fill - both take time

Francois - yes both take time. question is can we reduce startup time.

Marshall - are we discussing technical merits or whether this should
be done in IETF

David - i think this is useful but at some point we need to cut it off

??? - interesting thing about con may be the applicability statement.
whether ??? is not going to help with charter & applicability.

David - we really want to get a sense of what are the problems really
need to be solved but we want to focus on the problems faced by folks
doing this.

Peter SA - this is not a WG forming bar BoF

Colin - 2 Qs - 1) is there anything we can do to reduce overhead of
initial RTTs for TCP congestion but perhaps things to think about

??? (A) - no sub Qoe feedback - is a general ?? or complete lack of
work here or in other fora

Qin - ???

??? (A) - ??? essentially propose to use same QoS metrics for ???
streaming & HTTP streaming - I can post a link.

Magnus - wasn;t there someone posting to the list saying proprietary
stuff in the client.

Ben Niven-Jenkins - QoE feedback may be useful not for content service
provider (they have proprietary solution) but for intermediaries maybe
not to adapt but for diagnostics.

Ping - i think a lot of people talk http streaming & look at
apple/netflix & say no problem to be solved. what if we have STB using
this? those are the issues that will probably come up. we should
probably have open mind on whats happening in future. maybe need
switch channels or have feedback. let's keep open mind.

Stuart - comment on what are we doing here. apple have live, MS has
similar, Adobe has similar, Canvas, MPEG etc working on this in
fragmented way & a few people said maybe it'd be good if all people
doing this got together and then Q is what is right venue & IETF is a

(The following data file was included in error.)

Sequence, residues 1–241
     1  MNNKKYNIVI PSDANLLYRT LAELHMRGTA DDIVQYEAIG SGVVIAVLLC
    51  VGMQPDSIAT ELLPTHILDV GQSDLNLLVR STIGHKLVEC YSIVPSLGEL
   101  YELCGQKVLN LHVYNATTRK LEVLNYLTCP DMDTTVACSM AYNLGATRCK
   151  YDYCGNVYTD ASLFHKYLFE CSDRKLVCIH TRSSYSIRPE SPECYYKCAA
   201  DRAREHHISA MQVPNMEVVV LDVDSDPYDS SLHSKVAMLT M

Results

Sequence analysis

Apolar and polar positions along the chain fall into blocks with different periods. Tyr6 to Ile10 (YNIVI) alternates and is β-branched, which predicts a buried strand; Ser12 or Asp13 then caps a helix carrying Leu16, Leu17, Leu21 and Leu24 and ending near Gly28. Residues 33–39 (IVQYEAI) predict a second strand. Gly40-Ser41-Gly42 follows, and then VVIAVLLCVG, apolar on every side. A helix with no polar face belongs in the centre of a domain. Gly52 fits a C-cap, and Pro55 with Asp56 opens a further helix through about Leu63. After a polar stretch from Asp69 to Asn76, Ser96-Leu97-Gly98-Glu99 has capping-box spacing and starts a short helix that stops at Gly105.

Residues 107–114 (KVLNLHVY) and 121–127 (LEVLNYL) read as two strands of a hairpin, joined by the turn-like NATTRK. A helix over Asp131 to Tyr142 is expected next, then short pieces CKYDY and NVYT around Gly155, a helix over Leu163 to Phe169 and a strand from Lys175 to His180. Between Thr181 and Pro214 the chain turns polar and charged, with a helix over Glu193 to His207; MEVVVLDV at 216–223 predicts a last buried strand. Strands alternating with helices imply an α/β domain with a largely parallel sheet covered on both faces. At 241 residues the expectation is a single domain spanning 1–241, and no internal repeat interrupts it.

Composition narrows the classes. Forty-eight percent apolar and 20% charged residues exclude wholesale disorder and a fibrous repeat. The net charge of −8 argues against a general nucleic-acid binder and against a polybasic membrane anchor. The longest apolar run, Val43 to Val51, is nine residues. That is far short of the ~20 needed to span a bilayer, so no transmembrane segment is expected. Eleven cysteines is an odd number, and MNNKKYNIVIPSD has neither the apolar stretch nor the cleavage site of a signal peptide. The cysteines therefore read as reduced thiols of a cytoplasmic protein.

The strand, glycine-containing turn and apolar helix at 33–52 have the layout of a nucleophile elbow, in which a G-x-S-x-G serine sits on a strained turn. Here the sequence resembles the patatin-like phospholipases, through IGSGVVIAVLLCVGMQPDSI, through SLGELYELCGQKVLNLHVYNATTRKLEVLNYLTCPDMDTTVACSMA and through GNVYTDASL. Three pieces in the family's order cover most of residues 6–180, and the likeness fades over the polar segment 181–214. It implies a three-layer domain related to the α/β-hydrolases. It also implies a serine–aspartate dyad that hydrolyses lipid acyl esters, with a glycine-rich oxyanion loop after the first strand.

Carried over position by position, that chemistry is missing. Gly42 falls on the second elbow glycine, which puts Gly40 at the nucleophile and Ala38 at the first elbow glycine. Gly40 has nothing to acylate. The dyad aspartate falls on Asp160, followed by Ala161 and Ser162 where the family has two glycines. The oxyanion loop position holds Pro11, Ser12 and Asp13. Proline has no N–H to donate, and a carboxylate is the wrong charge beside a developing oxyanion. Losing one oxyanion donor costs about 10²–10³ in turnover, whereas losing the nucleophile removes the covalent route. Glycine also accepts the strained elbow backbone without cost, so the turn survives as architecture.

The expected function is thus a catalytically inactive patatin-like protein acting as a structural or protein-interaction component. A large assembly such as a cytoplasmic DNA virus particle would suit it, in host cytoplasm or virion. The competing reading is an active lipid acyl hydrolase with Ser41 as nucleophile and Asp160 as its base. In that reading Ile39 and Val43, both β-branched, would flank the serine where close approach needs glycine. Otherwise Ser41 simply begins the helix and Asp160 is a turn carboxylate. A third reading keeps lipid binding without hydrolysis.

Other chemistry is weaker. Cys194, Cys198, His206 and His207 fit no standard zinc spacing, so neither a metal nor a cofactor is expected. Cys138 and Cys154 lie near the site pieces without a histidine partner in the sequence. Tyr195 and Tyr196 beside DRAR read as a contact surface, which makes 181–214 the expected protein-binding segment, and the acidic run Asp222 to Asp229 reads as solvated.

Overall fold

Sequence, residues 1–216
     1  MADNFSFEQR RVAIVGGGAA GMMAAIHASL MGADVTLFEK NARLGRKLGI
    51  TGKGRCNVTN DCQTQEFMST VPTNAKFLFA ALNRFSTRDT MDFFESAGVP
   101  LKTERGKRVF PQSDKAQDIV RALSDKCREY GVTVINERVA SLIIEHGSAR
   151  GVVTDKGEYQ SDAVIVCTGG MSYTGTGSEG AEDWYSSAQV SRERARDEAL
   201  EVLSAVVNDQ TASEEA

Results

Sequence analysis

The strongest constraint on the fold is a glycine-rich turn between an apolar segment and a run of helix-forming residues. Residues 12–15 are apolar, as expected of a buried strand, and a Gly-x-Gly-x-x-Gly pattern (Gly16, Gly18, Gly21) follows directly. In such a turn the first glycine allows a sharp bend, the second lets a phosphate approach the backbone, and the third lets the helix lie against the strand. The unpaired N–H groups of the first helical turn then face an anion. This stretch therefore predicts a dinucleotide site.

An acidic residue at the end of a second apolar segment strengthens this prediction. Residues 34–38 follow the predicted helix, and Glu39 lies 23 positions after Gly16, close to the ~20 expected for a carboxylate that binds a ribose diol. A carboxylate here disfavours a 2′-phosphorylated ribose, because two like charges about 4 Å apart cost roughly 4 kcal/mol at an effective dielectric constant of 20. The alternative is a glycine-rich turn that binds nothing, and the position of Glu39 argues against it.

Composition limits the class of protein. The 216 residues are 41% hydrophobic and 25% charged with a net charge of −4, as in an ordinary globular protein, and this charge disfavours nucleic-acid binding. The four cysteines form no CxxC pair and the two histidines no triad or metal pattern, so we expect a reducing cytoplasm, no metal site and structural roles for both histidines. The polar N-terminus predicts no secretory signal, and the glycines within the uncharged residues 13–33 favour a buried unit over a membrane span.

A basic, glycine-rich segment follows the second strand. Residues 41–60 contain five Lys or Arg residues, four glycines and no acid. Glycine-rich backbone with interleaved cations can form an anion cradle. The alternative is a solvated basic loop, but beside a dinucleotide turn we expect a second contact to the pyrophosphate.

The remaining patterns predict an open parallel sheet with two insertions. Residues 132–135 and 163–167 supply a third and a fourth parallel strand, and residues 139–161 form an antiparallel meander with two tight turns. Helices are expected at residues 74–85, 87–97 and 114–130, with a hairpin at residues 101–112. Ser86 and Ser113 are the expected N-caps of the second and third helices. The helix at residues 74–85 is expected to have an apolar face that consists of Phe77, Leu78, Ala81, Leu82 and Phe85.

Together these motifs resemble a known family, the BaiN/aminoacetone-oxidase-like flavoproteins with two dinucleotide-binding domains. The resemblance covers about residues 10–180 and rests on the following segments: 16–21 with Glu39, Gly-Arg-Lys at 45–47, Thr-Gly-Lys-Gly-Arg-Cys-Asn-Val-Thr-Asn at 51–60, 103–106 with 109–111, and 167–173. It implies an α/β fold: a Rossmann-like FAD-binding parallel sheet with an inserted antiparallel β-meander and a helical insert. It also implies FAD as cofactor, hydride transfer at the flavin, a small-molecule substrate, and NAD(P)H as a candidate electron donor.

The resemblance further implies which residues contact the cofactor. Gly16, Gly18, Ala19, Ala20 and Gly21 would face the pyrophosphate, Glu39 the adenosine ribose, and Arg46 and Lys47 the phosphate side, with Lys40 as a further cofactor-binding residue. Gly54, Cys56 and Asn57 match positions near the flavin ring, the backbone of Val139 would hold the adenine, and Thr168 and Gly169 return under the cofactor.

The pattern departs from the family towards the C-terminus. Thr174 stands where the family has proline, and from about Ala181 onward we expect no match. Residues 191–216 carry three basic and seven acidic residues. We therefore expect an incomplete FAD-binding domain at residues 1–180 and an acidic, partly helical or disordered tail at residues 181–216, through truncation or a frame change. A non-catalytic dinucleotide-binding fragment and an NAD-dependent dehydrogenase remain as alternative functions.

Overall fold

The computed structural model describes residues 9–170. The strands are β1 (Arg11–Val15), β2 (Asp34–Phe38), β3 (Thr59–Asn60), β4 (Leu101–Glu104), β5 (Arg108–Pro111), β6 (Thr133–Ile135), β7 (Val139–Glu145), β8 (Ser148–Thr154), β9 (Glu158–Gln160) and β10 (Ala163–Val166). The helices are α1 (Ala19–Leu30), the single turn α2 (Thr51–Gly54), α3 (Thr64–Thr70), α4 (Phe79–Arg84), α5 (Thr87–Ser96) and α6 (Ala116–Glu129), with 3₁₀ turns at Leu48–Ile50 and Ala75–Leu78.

candidate. From apple's POV engineers are not pushing this but will
co-operate oif there's interest. not "chomping at the bit"

(20:20)

(Slide 13)

Ali - on 1nd issue I don;t understand what problem is. using HTTP to
make use of caches so origin server is not going to push to all
clients watching live stream or there's something called content
pre-positioning that all major CDNs do.

Qin - you assume all streaming content can be cached in the middle.

??? - describe ??? none of this is specific to HTTP streaming. More
general - how design systems/networks.

Ben Niven-Jenkins - last but one Q. True there may not be a cache in
the middle but any solution that assumes there won't ever be a cache
is broken.

(Slide 14)

Stuart - not differentiating traffic is feature not problem - as soon
as start saying my bytes are more important than yours - it's
slippery. if I want to update Mac OS and daughter wants content - I'm
more important than her.

Hassna - for ?? mechanism is not HTTP only it's a generic approach.
What's not clear are you considering open qs as points to be
considered in this work - how do these two points [on the slide] fit
into IETF - would you rely on certain protocol like HTTP . how would
advance open issues.

Qin - ??? many people just looking for feedback on this area and do something

Ali - when trying to do something like online banking that is more
important http traffic to me than someone watching video in my home.
when you say prioritisation this came up in mailing list maybe ???.
Depends on type of subscriber for your service provider. we want
mechanisms in network layer should mess with HTTP headers as have to
upgrade all infrastructure and is one of the prime design
consideration in MPEG. Maybe discuss in IETF as IETF owns those
protocols but other ors have been strict in following no changes to
protocols.

Ping - that's a separate eissue if everything go through HTTP?????

Colin - we have network based QoS mechanisms not clear we need
anything different to go in HTTP stream. ???? better to put something
in streams than rely on DPI.

?? - ???

Colin - relate time doesn;t necessarily mean importnant.

???? - ???

Stuart - debate about whether this counts as real time as 5 seconds is
long time for computer. If network doesn;t have bandwidth for both
users, no who gets to suffer & who doesn;t is not obvious. Only way to
get it to work is everyone scales back.

Ni Hong??? - real time is very important to me as spend 90% time in
network to watch video/movie and I like to put other web browsing in
background.

Stuart - point i different users make that prioritisation differently.